Craft Perception and Practice: A Canadian Discourse

Craft Perception and Practice

Craft Perception and Practice

A Canadian Discourse

Edited by Paula Gustafson

$24.95

  • Autumn 2002
  • ISBN 978-0-921870-94-4 (0-921870-94-9)
  • ebook ISBN 978-1-55380-082-8
  • 7-1/2″ x 10″ Trade Paperback, 224 pages
  • Canadian Art, Craft






Canada’s ceramists, tapestry weavers, and other craft artists are recognized amongst the world’s finest artisans. Nationwide the craft industry has more than 25,000 practitioners and annual sales in excess of $1 billion, making it one of Canada’s unrecognized success stories. Craft Perception and Practice celebrates the excellence of Canadian crafts by bringing together twenty-four essays and critical commentaries by sixteen independent critics and curators, professional artists, art historians, and studio art instructors.

Highly readable texts by internationally published authors Glenn Allison, Amy Gogarty, Paula Gustafson, Paul Mathieu, Gil McElroy, and Anne McPherson — as well as by noted Canadian painter Mary Pratt — discuss the conceptual, social, and cultural significance of craft media, engage linguistic and feminist theories, and consider aspects of tactile, sensual, and tacit knowledge in the context of works by a distinguished group of Canadian craft artists that includes Prix Saidye Bronfman Award winners Steven Heinemann and Léopold L. Foulem.

The inaugural edition of a three-volume series, Craft Perception and Practice features substantive writing about contemporary Canadian craft presented at conferences, in national and international periodicals, and in exhibition catalogues during the past decade. Illustrated with 37 full-page colour photographs. Indexed.

“For decades the community of craftspeople and their supporters in Canada have lamented the lack of an informed and vibrant discourse about this activity. There is finally some good research on craft history in print and production, and this volume promises to provoke more critical discussion on the personal, social, and aesthetic programs of artists who work in craft media.”
— Dr. Stephen Inglis, Director General of Research, Canadian Museum of Civilization

Craft Perception and Practice is an achievement to be celebrated. These essays will inspire and inform practising craftspeople, teachers, and students of current ideas and directions in contemporary craft practice. Collectors and the general public will appreciate this comprehensive resource on current practitioners and their work.”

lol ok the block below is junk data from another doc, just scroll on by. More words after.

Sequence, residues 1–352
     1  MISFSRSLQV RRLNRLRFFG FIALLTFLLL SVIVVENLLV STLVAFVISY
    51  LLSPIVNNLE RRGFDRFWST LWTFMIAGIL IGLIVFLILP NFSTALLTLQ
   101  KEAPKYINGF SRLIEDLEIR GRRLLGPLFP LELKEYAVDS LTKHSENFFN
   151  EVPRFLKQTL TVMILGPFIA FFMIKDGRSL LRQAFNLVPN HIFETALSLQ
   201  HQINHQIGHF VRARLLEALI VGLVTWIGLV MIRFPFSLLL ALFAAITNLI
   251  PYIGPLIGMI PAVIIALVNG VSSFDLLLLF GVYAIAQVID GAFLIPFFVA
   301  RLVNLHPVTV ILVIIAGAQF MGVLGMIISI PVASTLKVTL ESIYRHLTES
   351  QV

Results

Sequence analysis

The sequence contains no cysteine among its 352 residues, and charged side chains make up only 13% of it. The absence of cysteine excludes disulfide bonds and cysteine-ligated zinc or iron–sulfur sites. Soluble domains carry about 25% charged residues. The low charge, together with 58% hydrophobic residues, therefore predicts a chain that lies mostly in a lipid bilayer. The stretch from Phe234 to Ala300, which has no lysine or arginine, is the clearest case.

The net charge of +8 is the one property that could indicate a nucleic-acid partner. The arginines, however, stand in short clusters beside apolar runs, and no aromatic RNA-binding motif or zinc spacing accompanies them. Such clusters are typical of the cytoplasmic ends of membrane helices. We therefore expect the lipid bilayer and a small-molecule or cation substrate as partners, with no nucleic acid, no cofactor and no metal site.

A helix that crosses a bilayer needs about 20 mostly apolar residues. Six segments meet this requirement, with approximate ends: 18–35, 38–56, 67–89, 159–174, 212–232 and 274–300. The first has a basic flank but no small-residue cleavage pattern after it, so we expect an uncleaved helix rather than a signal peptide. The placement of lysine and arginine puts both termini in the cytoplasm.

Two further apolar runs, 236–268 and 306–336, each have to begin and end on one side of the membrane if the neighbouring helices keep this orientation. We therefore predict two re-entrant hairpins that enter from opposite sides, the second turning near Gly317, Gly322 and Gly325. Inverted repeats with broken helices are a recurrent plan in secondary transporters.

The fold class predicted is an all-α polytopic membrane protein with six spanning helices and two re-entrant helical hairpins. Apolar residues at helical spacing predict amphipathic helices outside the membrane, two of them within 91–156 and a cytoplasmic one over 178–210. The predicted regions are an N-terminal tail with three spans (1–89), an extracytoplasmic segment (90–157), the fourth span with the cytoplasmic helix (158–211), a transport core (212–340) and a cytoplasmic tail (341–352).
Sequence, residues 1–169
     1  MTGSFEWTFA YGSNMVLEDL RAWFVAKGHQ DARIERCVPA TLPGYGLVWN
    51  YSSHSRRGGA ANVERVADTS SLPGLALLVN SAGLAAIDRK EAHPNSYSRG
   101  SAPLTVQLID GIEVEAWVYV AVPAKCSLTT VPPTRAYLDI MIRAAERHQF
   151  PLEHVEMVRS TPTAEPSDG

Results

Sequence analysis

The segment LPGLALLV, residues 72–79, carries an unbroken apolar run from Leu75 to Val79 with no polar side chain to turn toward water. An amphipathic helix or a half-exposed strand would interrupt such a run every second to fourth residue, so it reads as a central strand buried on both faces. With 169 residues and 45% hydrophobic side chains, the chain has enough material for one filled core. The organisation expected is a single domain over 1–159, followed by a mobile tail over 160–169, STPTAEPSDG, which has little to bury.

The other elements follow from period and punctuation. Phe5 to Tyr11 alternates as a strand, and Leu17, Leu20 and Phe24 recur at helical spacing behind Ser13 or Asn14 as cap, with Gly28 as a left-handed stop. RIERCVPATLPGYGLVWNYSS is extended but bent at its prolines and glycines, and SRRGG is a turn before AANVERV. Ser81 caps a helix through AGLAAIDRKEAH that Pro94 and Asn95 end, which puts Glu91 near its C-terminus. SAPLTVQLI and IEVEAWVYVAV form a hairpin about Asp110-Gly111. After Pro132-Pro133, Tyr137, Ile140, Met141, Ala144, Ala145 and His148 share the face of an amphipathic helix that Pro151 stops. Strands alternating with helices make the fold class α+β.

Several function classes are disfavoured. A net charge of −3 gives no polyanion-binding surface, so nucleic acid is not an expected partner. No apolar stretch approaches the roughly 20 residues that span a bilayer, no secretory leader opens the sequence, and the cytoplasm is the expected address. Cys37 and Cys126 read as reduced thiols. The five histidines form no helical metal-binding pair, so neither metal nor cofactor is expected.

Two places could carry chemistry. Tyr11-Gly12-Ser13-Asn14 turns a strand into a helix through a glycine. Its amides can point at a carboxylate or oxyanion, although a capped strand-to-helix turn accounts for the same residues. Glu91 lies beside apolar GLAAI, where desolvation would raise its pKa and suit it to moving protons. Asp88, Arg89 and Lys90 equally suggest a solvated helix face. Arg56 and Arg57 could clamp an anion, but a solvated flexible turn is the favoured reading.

— Jean Johnson, CM, Craft Projects Manager, Harbourfront Centre

“This collection of essays on the diverse nature of craft is an important contribution to the developing field of Canadian craft history, theory, and critical writing. Craftspeople, curators, historians, administrators, instructors, and those interested in the crafts will find this volume to be an essential read.”
— Sandra Alfoldy, Phd, Craft Historian, Nova Scotia College of Art and Design

“As the interest in visual culture and its relationship to society escalates, this series promises to bring new discussions of craft theory and practice to the attention of Canadian readers. The work opens up new areas for research, challenges the traditions of display, and examines the critical reception of craft and design. This is a long-awaited and eagerly anticipated project.”
— Janice Helland, Phd, Professor of Art History and Women’s Studies, Queen’s University

The Craft Perception and Practice Series:

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Reviews

“an attractive, affordable, and accessible compilation of well written, well illustrated, and well researched essays.”
The Craft Factor

“an example of fine craftsmanship that appropriately represents the crafts it celebrates.”
Art Documentation Reviews

“If you write or think about art, or even occasionally consider things placed in the “craft” category, this book is a very good read.”
Times Colonist

“crisply designed and carefully produced . . . mimicking some of the attributes of craft.”
Vancouver Sun